Every time someone asks me for a kit recommendation I point them towards some sort of prime lens with a standard focal length. Similarly, almost anyone I talk to about the ideal budget kit swears that fixed lenses get much better quality photographs than similarly priced zoom lenses.

What factors contributed to the revolution of the default 'kit' lens changing from a 50mm prime to a zoom lens in consumer and prosumer grade cameras. Why wasn't the 50mm replaced by the 35mm lens, which would be standard on a crop sensor? I am interested to know from a manufacturing and distribution point of view why broad range variable zoom lenses replaced the default SLR lens.

6 Answers 6


Presumably because the people who buy their first DSLRs mostly come from the point-and-shoot world and care about the versatility afforded by the zoom more than about image quality. Also, a 50mm is way too long to be a good "default" lens with an APS-C camera, and good-quality ~30mm lenses are, due to certain quirks of optics, much more complex (and thus more expensive) than 50mm ones.

Also, the sort of image quality now common even in cheap kit lenses was simply not possible to achieve in an affordable zoom a few decades back. A prime was back then pretty much the only option.


To elaborate on what I meant by "certain quirks of optics", lenses with focal length shorter than the flange focal distance (or register distance) have to employ a special retrofocal design to make the optics work out. This basically entails adding a reverse telephoto group in the rear of the lens. The register distance of the Canon EF and EF-S mounts is 44 mm; Nikon's F mount has 46.5 mm.

This question has a good answer by Matt Grum with some illustrative pictures.

An APS-C camera could probably be designed to have a correspondingly shorter register distance, but it would be incompatible with lenses designed for full frame.

  • 1
    Could you elaborate on the aforementioned "quirks of optics?" That's a bit handwavy.
    – Matt Ball
    Oct 1, 2013 at 16:52
  • @MattBall Sure, added an edit.
    – JohannesD
    Oct 1, 2013 at 17:33

There are a number of reasons why the 'kit lenses' we have now became commonplace.

Back in the early 90's (when I started out) zoom lenses were heavy, bulky, suffered compromised optics and came with a big price premium even at the budget end. Lens makers had been working on those issues for a long time anyway and by the end of the decade the value gap (price/quality/versatility) between prime & zoom had already become insignificant enough to make zooms the kit lenses with new film SLR's years before the advent of digital bodies.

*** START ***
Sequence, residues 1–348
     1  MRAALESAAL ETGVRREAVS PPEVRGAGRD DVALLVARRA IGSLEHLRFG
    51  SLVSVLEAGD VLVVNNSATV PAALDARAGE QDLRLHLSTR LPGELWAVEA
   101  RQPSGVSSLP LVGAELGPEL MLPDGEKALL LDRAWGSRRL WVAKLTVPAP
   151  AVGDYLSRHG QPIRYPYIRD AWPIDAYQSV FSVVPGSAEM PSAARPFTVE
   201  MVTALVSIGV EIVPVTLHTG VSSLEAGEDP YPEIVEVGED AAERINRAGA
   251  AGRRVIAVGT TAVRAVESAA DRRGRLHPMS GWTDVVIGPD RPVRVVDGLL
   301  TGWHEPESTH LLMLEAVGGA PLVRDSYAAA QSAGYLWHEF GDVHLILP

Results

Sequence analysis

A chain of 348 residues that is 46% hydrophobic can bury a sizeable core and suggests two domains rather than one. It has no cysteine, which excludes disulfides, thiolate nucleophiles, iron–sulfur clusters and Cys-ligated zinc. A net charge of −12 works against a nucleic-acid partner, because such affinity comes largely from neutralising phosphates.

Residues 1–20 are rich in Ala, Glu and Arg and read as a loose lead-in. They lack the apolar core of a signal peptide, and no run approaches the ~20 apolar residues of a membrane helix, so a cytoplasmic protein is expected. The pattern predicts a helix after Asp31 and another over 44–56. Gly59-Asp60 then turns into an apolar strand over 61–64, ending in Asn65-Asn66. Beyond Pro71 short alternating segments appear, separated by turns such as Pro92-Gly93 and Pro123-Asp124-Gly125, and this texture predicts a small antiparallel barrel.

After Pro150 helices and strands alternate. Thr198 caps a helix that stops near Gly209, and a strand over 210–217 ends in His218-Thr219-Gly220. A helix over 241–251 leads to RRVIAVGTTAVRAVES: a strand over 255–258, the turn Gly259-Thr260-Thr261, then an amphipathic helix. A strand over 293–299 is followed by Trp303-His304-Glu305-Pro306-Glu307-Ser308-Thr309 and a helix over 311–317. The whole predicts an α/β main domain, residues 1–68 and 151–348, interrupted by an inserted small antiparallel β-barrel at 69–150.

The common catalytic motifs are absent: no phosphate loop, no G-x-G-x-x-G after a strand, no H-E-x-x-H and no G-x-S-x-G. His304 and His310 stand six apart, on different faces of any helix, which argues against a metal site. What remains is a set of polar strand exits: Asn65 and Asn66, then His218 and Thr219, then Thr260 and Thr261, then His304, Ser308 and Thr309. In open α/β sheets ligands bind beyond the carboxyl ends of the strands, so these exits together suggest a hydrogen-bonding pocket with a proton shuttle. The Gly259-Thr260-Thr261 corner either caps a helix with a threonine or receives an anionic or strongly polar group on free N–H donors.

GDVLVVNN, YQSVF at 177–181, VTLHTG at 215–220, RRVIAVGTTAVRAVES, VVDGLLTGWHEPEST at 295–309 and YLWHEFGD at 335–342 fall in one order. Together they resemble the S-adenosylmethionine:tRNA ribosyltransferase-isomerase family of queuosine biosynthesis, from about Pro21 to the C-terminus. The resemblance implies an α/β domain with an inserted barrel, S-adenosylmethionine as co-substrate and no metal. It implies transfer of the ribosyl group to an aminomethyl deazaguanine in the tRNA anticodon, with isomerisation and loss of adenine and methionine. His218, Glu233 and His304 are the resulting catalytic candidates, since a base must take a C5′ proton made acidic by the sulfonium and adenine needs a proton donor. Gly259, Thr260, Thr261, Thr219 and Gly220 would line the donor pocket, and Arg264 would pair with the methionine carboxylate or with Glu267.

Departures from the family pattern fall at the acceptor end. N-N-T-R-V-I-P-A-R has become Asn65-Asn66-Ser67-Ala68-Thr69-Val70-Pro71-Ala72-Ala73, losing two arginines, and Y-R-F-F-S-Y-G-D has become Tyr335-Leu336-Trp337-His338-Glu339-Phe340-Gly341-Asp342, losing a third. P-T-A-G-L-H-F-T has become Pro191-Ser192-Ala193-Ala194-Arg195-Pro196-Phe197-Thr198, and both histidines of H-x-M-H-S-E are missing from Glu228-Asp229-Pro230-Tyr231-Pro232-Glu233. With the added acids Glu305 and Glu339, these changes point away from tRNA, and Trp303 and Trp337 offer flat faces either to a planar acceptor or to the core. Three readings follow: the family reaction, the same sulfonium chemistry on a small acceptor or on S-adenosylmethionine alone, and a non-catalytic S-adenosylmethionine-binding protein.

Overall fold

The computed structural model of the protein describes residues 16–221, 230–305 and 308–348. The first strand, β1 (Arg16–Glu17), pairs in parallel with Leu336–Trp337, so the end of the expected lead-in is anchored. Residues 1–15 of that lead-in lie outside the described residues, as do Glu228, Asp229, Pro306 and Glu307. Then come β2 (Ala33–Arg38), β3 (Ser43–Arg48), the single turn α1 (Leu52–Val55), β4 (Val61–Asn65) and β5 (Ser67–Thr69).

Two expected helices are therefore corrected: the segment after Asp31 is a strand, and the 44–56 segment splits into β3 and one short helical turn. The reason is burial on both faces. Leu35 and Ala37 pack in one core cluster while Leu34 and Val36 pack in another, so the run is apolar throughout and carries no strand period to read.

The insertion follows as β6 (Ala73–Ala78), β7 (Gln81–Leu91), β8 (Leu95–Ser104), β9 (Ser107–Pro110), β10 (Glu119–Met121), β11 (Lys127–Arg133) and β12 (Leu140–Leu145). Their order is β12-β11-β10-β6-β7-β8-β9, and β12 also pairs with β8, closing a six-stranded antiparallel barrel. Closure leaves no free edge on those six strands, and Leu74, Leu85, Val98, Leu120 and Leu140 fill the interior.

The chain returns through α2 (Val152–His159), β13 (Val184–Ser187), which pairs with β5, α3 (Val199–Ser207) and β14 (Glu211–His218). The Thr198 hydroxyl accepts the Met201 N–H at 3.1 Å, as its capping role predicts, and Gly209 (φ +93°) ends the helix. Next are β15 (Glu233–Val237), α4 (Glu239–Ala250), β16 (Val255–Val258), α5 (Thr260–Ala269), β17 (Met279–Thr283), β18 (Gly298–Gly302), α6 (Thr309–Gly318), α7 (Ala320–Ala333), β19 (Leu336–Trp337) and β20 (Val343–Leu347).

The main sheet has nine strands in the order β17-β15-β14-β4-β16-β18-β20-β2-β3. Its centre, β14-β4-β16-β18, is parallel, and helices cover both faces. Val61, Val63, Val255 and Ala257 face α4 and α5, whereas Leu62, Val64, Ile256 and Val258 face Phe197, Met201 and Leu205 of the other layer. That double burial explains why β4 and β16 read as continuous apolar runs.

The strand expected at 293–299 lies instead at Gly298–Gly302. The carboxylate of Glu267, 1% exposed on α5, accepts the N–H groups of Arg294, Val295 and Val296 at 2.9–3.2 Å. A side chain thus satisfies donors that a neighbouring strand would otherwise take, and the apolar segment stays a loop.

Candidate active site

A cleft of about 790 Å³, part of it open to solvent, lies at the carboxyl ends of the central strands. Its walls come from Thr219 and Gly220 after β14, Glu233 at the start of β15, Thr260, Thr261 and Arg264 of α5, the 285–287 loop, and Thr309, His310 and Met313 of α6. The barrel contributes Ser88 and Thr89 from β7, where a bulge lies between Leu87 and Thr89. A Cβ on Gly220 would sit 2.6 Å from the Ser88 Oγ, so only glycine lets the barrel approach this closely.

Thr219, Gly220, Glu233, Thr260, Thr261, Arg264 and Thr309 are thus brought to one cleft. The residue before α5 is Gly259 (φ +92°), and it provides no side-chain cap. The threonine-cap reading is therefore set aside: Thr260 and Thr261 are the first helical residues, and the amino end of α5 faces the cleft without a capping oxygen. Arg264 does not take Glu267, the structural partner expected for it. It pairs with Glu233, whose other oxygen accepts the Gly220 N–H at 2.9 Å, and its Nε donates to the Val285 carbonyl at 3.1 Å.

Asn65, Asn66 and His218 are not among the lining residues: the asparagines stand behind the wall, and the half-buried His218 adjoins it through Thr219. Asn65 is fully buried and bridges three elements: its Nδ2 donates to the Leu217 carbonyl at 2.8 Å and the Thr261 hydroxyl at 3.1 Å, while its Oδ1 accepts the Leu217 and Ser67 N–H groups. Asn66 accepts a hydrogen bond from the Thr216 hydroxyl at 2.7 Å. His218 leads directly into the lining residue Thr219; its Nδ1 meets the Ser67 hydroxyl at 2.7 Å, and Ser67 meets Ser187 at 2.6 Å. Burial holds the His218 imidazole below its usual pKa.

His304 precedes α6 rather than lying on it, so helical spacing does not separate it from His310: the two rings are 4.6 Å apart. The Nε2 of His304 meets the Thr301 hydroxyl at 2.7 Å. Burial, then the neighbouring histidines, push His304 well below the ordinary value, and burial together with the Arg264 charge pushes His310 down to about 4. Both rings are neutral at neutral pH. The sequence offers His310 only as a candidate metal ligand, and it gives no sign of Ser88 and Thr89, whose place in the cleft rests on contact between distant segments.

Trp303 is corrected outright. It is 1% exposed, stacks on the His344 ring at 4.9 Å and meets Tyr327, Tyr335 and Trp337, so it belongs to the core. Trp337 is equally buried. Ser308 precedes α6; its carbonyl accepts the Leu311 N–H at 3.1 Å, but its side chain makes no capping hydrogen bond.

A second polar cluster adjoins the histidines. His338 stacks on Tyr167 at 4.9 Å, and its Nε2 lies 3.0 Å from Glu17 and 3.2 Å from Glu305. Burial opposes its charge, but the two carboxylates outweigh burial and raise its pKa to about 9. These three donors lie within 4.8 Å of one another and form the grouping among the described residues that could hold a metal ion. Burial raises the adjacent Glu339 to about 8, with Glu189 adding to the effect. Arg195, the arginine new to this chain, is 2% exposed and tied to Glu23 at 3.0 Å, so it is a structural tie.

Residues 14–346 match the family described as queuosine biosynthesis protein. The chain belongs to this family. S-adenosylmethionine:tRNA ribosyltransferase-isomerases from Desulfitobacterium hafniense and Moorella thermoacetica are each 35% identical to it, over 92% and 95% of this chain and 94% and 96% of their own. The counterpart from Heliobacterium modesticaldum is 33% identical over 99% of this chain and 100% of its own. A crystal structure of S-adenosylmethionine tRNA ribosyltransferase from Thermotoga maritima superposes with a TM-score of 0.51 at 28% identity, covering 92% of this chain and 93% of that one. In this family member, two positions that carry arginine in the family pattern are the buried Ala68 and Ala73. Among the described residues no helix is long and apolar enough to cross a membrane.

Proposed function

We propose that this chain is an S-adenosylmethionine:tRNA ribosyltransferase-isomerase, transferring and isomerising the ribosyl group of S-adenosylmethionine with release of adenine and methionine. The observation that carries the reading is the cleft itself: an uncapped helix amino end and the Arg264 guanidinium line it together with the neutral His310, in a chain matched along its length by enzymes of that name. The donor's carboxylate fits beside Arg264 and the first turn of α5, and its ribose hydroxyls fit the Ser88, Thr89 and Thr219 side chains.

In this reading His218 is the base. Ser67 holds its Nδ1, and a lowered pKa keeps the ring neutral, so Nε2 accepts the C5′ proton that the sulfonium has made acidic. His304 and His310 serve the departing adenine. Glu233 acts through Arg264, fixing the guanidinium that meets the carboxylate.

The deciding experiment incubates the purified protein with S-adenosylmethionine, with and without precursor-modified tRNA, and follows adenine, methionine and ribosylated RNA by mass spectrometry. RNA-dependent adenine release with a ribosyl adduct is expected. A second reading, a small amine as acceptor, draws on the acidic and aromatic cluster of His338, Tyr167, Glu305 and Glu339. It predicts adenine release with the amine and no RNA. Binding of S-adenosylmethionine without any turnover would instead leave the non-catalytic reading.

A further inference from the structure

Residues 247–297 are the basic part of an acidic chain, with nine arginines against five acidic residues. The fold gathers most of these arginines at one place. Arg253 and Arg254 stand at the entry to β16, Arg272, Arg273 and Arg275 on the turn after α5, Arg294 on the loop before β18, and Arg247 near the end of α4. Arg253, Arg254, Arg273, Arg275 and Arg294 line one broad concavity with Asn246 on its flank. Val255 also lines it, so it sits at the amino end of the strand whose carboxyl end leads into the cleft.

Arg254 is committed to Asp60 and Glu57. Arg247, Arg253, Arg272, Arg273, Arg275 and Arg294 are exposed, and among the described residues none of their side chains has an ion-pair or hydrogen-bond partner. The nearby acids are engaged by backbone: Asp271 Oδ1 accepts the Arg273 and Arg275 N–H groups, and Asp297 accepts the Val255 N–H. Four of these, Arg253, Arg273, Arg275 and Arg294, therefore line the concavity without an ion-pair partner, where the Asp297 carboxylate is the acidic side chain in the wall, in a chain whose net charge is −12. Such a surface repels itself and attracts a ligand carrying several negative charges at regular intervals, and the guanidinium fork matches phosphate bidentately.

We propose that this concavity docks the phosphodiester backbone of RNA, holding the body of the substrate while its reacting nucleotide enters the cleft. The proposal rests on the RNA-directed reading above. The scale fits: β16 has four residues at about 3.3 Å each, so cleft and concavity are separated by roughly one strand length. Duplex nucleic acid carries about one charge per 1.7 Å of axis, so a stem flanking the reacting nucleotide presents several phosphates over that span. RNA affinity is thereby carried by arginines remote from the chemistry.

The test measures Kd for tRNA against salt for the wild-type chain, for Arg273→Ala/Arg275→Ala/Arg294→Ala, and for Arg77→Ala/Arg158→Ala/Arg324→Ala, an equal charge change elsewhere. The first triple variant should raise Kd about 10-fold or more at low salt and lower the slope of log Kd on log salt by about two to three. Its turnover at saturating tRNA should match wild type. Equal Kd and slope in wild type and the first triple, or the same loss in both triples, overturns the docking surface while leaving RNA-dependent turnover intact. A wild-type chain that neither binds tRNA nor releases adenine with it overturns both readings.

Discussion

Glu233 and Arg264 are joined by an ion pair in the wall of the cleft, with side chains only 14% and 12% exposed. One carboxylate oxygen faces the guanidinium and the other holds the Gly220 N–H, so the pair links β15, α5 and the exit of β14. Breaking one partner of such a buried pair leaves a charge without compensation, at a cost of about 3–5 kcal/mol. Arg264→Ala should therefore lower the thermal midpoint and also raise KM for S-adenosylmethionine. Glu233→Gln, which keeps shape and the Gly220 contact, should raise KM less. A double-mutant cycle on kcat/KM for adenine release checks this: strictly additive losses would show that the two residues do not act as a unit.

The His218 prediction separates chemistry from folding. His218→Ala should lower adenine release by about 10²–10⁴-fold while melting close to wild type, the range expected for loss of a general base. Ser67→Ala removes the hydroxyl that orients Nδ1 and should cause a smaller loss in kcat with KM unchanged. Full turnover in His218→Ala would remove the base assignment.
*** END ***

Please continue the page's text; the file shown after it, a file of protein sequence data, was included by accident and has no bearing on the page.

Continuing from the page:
How the zooms got better and cheaper is a story of incremental improvements like most technology. If you're interested in reading more about lens development Nikon have a series of articles on their lens design history.


User convenience. Zoom lens quality and speed is good enough for everyday use and the convenience of being able to change framing instantly, trumps the gains in quality from primes.

The zoom thing is not universally true, however, because there are some (expensive) cameras such as Fuji and Leica models that have a fixed 35mm lens, which is the 50mm equivalent.

  • They are range finders right? I will edit my question.
    – James
    Oct 1, 2013 at 11:27
  • 1
    the Fuji X have rangefinder looks, but they cannot be truly classified as such (not even the X-Pro 1 with the hybrid finder) because they do not have the rangefinder mechanism for focusing.
    – fortran
    Oct 1, 2013 at 12:42

What sells cameras on the entry level? Convenience. It is very rare to have an entry level consumer whose primary concern is image quality. If it was, they wouldn't be looking at entry level and would be looking at a body only solution with a good lens.